With temporal duration the material held in the STM is relatively short-lived. Baddely and Hitch (1974) suggested that information may survive in the phonological loop for two seconds. Atkinson & Shiffrin (1968) believed it may last a little longer, although only a matter of a few seconds. Many psychologists believe that memories in the LTM are permanent, and the work of Penfield (1969), and studies of memories recovered through hypnosis would appear to support this idea. However this evidence was
shown to be unreliable when examined more critically. Even so it is apparent that LTM is durable and that some memories last a lifetime. With storage capacity Miller (1956) proposed that STM was capable of storing 7 plus or minus 2 items or chunks of information at a time. Baddely and Hitch (1974) suggested that the Phonological Loop is capable of holding the amount of material that can be remembered within a two second time span: that capacity is time limited, rather than space limited as suggested by Miller.
The capacity of LTM is generally considered to be infinite. With the forgetting mechanism Broadbent (1958) suggested that trace decay was the primary cause of forgetting from the STM. Atkinson & Shiffrin (1968) although recognize the role of trace decay in forgetting, suggested that, due to the limited capacity of the STM, displacement was also an important factor. Keppel and Underwood (1962) found that interference may have an affect on forgetting from the STM. However it is generally accepted that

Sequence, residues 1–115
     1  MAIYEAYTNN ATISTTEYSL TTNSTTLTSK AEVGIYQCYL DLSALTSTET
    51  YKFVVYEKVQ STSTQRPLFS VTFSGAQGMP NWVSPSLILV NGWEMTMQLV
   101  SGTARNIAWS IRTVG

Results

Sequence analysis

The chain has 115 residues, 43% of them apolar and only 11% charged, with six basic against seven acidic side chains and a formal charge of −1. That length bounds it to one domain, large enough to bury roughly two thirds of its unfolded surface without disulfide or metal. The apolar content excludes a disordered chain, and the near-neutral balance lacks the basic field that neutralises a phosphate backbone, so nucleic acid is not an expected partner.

trace decay and displacement are the most important explanations of STM forgetting. With LTM the interference theory centers around the notion that forgetting occurs when existing memory is disrupted by newly learned information, or when the learning of new material is interfered with by material pre-existing in memory. However, the dominant approach to forgetting from LTM is ‘Cue Dependant’ forgetting. This assumes that memories are rendered inaccessible due to the lack of appropriate cues.
A procedure that has been used to investigate the capacity of short term memory was Glanzer and Cunitz (1966) experiment. This was where subject’s were gathered and each subject was presented with 15 words. They had been previously told that they would have to try to remember as many letters as they could. They gave 30 seconds for some of the group to learn the letters, and found that this was where the group
had recalled the majority they had done during the test. Where when the subjects were given 10 seconds of learning time, there was a poorer recall of later items. The results for the 30 seconds of learning time showed a rough approximation of the capacity of the short term memory, and helped approximate that short term memory has a maximum capacity of around 7 i?? 2 items.